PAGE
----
Amsterdam’s Matt Russo, left, defends teammate Mark Hughes (8) during boys lacrosse practice Monday at Lynch Literacy Academy. (Adam Shinder/Recorder staff)
By ADAM SHINDER
As Jesse Kellogg and the rest of the Amsterdam High School boys lacrosse team went through their practice session Monday afternoon at Lynch Literacy Academy, they did so knowing full well it might be the last time they see the green of the Lynch turf for a little while.
“We’re really grateful that we have turf here in Amsterdam,” said Kellogg, a senior and Amsterdam’s starting goalkeeper. “Some other schools haven’t even gotten the chance to get outside. We’re definitely taking the opportunity to get in as much work as we can here.”
Tuesday’s blizzard will likely contain the Rams to indoor practices for at least another week, so the squad was glad to get in full-field outdoor work when they had the chance.
“Being able to be outside for this last day before the storm is good,” Amsterdam coach Paul Furman said. “We told the guys to make everything of it, because you’re gonna be stuck in the gym and you’re not gonna be able to see a field for a while.”
Whether they’re working indoors or outdoors, the Rams have plenty to accomplish over the next several weeks as they get ready for their April 8 season opener at home against Troy and their Foothills Council opener five days later at Schuylerville.
Amsterdam’s biggest emphasis during the preseason is getting a consistent offense in place. While the team returns its entire starting defense, the Rams lost nearly all of their scoring from the past two seasons. Between their junior and senior seasons, attackman Luigi Iorio and midfielder Matt Fedullo put up the four biggest individual scoring campaigns in AHS lacrosse history — including more than 100 points from Iorio in 2016 — and now the Rams are tasked with replacing both, along with other key scoring threats including Camilo Medina, Tim Steele and Jon LaBahn.
In their place, Furman will turn to sophomore Anthony Barone-Lopez and junior Mark Hughes to lead the way as an inexperienced supporting cast gets up to speed.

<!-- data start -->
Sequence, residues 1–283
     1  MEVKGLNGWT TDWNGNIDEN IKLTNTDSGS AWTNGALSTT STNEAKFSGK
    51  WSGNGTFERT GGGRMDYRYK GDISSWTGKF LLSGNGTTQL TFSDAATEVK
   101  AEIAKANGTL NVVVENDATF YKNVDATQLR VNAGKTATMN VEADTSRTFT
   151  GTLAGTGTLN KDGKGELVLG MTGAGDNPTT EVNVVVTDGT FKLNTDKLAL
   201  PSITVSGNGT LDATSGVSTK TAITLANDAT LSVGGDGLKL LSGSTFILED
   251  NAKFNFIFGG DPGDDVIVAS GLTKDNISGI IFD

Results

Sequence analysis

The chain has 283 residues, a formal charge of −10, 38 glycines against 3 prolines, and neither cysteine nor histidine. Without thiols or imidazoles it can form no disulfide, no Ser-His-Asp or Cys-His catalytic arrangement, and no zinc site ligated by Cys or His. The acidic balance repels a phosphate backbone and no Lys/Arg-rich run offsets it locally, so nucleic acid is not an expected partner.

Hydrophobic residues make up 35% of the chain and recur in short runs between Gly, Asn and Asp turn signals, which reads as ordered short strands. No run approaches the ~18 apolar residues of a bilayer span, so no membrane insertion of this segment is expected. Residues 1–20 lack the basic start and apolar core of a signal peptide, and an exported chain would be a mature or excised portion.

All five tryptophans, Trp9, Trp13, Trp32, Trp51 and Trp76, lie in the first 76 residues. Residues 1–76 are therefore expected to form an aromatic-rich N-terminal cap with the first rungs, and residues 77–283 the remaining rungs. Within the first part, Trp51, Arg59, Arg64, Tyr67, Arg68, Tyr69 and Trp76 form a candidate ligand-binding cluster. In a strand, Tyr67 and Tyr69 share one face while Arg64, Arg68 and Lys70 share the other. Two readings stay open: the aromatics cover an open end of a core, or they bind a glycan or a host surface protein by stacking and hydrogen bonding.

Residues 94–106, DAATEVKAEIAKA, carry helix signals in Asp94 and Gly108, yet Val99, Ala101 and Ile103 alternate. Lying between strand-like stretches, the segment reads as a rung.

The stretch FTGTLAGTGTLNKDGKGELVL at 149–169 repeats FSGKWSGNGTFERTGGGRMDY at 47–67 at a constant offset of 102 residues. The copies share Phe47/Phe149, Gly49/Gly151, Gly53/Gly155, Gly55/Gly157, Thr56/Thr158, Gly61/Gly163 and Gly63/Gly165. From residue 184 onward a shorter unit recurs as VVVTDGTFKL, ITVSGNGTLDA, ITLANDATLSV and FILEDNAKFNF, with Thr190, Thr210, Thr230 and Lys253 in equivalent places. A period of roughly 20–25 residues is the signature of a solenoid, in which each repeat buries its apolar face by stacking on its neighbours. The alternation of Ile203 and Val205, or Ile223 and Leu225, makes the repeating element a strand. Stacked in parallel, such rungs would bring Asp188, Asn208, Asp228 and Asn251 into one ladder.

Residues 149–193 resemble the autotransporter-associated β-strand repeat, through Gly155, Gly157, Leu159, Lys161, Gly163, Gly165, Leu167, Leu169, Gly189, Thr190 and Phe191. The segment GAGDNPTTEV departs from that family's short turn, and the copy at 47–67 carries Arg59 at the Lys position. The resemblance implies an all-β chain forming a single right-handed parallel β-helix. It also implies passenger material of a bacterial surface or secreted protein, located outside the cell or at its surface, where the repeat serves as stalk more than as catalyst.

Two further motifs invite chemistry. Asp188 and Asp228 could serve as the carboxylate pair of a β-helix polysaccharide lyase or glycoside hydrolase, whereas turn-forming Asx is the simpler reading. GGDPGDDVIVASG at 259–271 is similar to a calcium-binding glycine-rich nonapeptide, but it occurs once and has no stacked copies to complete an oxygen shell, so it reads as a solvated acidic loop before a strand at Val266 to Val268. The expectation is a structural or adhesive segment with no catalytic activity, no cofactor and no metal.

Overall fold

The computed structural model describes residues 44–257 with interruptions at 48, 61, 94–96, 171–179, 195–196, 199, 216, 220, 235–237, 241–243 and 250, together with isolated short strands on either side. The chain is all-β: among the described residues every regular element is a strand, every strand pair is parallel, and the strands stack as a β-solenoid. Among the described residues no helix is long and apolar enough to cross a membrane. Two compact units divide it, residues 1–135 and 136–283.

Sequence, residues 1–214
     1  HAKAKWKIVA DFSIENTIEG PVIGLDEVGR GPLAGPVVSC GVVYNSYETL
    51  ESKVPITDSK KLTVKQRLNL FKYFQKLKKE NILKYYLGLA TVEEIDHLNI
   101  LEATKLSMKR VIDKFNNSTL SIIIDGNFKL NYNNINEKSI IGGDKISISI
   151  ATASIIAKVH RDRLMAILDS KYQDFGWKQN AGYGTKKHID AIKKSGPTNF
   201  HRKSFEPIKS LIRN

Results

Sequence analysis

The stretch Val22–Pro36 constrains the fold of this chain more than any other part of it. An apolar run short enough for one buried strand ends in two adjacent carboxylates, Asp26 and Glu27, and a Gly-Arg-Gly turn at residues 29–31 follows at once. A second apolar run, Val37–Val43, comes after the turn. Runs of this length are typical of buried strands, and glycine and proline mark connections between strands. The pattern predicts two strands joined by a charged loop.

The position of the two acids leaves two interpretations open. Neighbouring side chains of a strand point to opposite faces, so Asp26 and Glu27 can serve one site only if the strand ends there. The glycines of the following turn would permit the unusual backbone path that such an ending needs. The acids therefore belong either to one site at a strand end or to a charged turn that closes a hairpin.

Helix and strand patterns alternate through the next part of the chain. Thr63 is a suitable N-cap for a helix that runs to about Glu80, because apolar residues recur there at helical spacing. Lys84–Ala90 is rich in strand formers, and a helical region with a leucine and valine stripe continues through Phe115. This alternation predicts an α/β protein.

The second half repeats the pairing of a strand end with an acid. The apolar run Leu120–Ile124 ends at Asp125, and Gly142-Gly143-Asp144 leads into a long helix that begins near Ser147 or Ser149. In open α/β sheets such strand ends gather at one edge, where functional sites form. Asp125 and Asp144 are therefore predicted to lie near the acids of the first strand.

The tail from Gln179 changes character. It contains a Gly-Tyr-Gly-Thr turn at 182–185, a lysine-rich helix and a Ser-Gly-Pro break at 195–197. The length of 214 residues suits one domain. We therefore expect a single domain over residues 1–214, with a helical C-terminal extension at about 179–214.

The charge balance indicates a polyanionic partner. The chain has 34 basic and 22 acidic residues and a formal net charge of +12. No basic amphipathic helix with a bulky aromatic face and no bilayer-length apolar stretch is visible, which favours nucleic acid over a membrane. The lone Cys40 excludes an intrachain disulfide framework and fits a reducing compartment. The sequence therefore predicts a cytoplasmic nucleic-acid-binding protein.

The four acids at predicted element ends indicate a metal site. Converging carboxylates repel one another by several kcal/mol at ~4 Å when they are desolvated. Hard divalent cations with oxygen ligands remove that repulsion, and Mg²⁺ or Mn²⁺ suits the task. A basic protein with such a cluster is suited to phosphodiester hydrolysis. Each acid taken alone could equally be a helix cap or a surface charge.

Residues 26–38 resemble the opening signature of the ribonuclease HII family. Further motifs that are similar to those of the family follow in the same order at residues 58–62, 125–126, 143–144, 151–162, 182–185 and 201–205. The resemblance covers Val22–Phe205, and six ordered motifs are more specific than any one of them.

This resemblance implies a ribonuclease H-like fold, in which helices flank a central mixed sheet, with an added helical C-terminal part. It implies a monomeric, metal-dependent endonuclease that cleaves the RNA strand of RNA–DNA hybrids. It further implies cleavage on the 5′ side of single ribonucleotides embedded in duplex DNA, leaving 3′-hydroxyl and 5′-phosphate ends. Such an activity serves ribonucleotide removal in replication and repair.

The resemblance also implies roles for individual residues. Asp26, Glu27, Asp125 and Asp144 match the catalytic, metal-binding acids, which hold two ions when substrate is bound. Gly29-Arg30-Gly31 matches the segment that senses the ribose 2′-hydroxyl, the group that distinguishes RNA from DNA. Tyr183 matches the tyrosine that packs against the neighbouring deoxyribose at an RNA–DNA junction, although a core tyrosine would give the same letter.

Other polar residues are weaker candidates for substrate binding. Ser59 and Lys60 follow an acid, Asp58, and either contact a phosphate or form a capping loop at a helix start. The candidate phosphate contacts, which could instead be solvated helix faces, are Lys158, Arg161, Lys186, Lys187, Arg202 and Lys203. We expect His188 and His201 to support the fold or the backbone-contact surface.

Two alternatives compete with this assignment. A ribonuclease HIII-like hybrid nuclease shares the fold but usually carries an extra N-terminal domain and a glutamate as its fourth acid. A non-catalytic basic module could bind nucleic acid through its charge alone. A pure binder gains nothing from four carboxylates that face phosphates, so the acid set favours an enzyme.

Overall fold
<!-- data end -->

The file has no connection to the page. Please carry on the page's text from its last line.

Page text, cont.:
“We’re in a cycle where we’re pretty much replacing one half (of the team),” Furman said. “We’ve got everyone coming back on defense, but down on offense we’ve got a lot of young guys. We’ve got Barone and Hughes coming back from last year, either from that we’re replacing everyone with either guys being pulled up from JV or modified, or new guys who decided they wanted to play.”
That much open competition will likely result in three freshmen and three sophomores seeing significant playing time on the offensive end of the field. It will be an adjustment at first, but it’s also an opportunity for a group of players to grow together over a period of several seasons.
“They’re gonna be tested this year. Put in the fire right away,” Furman said. “Those ninth and 10th graders, by the time they come through and they’re juniors and seniors, they have double the experience on varsity than a lot of players end up getting. They’re gonna take some lumps this year, but as long as they keep working and moving forward, it’s gonna be OK.”
For all the Rams’ youth and inexperience on offense, the team is filled with veterans on the defensive end. Four-year starter Elijah Newborn is the team’s top close defender, whwile Jarrett Nowak, Jio Orengo, Randy Faria and Colby Nasadoski also return to carry the six-foot defensive poles. Amsterdam also has Kellogg back for a second season between the pipes, while Hughes will also play a vital role both as a two-way midfielder and the team’s face-off specialist.
“That defense can really step up and be the strength of this team,” Furman said.
“It’s good to have a strong core on defense,” Kellogg said. “We’ve always had a lot of guys returning on offense, and this year we’re young on offense but we’re working hard and it’s going well. On defense, we’ve played together since seventh grade, we have that connection together and we know what we have to do as a group.”
It will be up to those veterans to shepherd their young teammates through what could be a frustrating series of practices inside a cramped gym.
“We’re definitely not looking forward to it, but we’re gonna make the best of the situation,” Kellogg said. “It’ll really make us focus on our movements, focus on our ball-handling.”
Contact ADAM SHINDER at firstname.lastname@example.org